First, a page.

Florida State Capitol
TALLAHASSEE -- Government watchdogs and proponents of open access to government documents are applauding a recent move by the Florida House of Representatives to advance new legislation intended to block government agencies from suing people who are attempting to access public records.
A Florida House of Representatives committee on March 13 approved the bill, known as House Bill 407.
The St. Petersburg-based First Amendment Foundation, a government watchdog funded by many organizations, supports the bills.
"We support 407," foundation's president Barbara Petersen told the Florida Record.
The organization stated in a letter on its website: "Florida is one of a small number of states with a constitutional right of access to the records of our government, and citizens should not be forced into court by a government agency simply because they have exercised that right."
In an Associated Press report published by U.S. News and World Report, Republican State Rep. Ray Rodrigues said "there's a growing trend of agencies using the courts in an effort to avoid fulfilling public records requests."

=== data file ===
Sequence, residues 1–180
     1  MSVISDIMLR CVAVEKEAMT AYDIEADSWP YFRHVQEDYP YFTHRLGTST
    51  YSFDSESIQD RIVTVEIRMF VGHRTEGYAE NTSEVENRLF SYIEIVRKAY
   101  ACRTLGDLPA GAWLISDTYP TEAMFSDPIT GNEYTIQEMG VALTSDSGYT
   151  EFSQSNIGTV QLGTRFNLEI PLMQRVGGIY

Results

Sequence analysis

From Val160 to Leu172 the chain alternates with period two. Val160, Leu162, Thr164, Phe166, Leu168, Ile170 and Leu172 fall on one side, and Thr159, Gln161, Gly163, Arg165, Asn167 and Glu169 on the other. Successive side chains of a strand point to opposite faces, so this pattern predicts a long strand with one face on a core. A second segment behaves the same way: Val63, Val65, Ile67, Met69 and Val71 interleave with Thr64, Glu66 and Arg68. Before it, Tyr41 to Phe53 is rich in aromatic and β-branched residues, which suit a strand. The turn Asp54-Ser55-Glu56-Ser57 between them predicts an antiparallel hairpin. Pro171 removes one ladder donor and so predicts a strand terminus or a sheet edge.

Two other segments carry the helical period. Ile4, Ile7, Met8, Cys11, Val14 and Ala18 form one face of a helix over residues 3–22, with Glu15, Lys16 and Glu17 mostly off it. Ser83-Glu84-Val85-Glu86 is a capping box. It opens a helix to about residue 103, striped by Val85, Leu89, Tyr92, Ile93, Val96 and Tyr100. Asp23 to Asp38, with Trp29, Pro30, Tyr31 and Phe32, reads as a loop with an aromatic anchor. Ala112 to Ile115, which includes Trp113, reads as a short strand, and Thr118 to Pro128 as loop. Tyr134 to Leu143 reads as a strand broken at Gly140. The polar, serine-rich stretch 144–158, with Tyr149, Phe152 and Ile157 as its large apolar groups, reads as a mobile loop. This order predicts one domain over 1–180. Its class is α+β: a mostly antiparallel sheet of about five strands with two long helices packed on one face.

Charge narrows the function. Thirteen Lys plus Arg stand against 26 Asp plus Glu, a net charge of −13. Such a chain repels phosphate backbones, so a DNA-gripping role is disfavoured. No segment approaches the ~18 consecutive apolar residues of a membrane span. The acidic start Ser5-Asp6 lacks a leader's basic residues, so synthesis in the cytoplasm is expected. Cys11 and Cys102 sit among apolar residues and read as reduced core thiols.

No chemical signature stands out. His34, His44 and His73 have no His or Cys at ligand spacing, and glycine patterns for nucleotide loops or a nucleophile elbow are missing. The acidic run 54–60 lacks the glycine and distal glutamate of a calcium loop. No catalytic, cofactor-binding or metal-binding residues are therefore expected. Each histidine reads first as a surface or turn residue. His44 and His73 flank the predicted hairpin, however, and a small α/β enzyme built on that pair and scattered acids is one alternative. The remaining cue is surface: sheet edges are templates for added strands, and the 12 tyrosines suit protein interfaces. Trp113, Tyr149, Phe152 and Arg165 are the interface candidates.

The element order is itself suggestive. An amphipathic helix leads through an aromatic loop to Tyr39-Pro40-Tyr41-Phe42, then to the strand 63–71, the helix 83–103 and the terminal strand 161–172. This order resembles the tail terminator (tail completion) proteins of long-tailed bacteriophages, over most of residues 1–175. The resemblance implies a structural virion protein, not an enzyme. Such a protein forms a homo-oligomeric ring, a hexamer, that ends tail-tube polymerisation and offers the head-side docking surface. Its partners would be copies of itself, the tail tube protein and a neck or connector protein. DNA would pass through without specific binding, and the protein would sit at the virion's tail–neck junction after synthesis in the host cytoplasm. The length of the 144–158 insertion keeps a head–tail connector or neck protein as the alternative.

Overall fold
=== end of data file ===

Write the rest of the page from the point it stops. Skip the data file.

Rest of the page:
Under HB407, government agencies would be required to provide the requested records or list an exemption under the law to keep the records under wraps. The requestor can then sue the agency, and, if they win, can be reimbursed for their legal costs.
Rodrigues said about a dozen such lawsuits have been filed by government agencies in the past year, up from none as recently as a decade prior.
He said government agencies are using such lawsuits as "a tool that does not serve the public interest and is not in the spirit of our government in sunshine standards."
The bill passed the House Oversight Committee 7-4, with all four votes against the legislation cast by Democrats.